Award winning 2.5 TFSI makes its return in the 2016 Audi RS3 Sportback

Audi RS 3 Sportback The unmistakable soundtrack, exhilarating free-revving and brawny power of the five-cylinder engine from Audi is legendary. It is for this reason that it has won the famed International Engine of the Year award for six consecutive years in its category. This engine makes its return in the 2016 Audi RS3 Sportback, producing 270 kW of unbridled power and 465 Nm of torque. The 2.5 TFSI accelerates the Wagon from 0 to 100 km/h in 4.3 seconds.

The 2.5 TFSI in the new Audi RS 3 Sportback guarantees to thrill with immense pulling power, eager revving and its own unique acoustic experience. The throaty growl backed by the rhythm of the five-cylinder ignition sequence is the classic Audi soundtrack. Two flaps in the exhaust control the exhaust flow to provide for an even more intensive sound experience that varies with engine load and speed. The driver can control these flaps via the Audi drive select system. For the first time in this segment, Audi offers a sport exhaust system as an option.

Powerful five-cylinder engines have a long tradition at Audi. During the 1980s, they powered the Audi rally cars, touring cars and production models to the front of the pack. The first RS model, the RS 2 from 1994, also had this engine. The five-cylinder made its comeback in 2009 in the Audi TT RS; it made its way into the previous generation RS 3 Sportback in 2011 and two years later into the RS Q3.

The five-cylinder unit produces 362 hp from a displacement of 2,480 cc – a remarkable specific output of 146 hp per litre. The peak torque of 465 Nm is already available at 1,625 rpm and remains constant through 5,550 rpm. The turbocharger develops up to 1.3 bar of charge pressure. The 2.5 TFSI catapults the new Audi RS 3 Sportback to 100 km/h from a standing start in 4.3 seconds – the best in its class. Acceleration is electronically capped at 250 km/h however can be optionally raised to 280 km/h, a feature which is also unique in the compact sports car segment.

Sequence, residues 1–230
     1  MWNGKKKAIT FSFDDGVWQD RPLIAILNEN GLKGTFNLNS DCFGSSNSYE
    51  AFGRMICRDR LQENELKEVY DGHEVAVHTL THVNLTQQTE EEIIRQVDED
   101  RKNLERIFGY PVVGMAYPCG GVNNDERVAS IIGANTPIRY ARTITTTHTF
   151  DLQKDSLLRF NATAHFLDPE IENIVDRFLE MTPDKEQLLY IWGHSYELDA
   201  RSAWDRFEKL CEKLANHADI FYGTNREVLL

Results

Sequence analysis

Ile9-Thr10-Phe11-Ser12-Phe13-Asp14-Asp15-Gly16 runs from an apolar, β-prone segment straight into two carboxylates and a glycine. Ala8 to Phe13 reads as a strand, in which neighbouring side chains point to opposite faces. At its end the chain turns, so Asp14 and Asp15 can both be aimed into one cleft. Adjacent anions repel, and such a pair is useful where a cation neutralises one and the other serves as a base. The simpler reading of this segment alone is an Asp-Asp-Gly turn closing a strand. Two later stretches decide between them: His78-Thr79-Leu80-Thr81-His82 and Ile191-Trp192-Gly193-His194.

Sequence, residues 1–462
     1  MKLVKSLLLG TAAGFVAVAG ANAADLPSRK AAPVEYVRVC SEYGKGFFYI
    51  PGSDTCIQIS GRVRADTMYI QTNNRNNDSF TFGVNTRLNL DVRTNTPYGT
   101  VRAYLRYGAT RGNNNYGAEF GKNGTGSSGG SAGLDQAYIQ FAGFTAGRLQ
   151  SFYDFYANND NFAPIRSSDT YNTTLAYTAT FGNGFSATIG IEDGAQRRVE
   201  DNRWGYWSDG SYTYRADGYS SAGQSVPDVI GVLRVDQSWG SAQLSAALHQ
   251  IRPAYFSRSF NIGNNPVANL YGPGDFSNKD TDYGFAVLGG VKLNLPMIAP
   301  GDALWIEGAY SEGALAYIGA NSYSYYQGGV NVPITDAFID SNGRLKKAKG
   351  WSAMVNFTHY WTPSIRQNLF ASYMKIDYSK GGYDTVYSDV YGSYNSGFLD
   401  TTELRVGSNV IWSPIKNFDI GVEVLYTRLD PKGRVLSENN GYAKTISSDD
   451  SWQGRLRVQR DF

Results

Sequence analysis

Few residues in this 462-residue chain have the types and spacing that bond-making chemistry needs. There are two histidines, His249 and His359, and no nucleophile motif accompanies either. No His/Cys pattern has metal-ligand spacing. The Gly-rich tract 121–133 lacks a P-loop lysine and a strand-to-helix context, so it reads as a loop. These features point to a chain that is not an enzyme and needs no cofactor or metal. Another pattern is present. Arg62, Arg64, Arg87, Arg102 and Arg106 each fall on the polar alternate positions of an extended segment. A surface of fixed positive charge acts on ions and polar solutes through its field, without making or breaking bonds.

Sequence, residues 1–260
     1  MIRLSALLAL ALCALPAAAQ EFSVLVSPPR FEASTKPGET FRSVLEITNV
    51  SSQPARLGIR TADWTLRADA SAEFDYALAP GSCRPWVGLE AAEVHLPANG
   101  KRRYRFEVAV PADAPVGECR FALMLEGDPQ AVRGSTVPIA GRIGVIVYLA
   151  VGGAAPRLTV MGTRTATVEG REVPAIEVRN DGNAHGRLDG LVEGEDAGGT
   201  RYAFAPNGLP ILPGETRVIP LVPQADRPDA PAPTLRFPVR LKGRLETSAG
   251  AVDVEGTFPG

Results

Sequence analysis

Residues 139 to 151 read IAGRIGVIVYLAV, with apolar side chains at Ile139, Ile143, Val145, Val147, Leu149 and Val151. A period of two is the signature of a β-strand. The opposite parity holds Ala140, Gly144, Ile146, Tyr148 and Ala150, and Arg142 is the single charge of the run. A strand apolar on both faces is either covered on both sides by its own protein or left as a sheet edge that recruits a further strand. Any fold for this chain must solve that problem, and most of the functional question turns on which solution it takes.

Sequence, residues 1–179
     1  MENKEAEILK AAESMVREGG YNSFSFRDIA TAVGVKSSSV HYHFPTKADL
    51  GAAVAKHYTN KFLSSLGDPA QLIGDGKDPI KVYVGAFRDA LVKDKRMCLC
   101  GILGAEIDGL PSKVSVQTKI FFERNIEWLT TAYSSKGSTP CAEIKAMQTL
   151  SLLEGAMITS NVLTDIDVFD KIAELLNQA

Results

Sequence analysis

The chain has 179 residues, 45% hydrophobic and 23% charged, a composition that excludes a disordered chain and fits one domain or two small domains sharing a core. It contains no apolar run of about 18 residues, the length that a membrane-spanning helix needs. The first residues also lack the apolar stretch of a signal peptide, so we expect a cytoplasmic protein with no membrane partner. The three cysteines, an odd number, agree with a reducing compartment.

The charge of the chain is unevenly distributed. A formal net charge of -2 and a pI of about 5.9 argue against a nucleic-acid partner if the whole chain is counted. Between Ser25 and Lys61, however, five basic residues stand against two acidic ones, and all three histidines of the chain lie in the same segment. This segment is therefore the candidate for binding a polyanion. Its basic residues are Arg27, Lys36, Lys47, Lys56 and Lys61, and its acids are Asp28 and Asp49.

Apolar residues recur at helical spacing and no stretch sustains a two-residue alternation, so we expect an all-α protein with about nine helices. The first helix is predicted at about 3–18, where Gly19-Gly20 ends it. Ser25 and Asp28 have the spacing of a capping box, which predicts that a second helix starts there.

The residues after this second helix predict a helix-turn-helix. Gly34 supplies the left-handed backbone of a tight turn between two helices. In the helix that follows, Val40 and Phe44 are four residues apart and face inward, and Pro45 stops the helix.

Its claimed fuel consumption is 8.1 litres per 100 kilometres, ten percent less than its predecessor. This corresponds to 189 grams CO2 per kilometre. A recuperation system, a demand-controlled oil pump and a newly developed start-stop system that turns off the engine shortly before the car comes to a stop contribute to this efficiency.

The standard seven-speed S tronic transfers the power of the 2.5 TFSI via three shafts – one drive shaft and two output shafts. The driver can choose between two automatic modes for the seven-speed S tronic or shift manually using the shift paddles on the steering wheel or the selector lever. The launch control system provides for optimal traction and minimal tyre slip when sprinting from a standing start.

The quattro permanent all-wheel drive system transfers the power of the 2.5 TFSI to the road with supreme ease. Its central component is the electronically controlled, hydraulically activated multi-plate clutch. It distributes the available torque as needed to the front and rear axles in the blink of an eye. Depending on the driving style and coefficient of friction, between 50 and 100 percent of the available torque can be sent to the rear axle.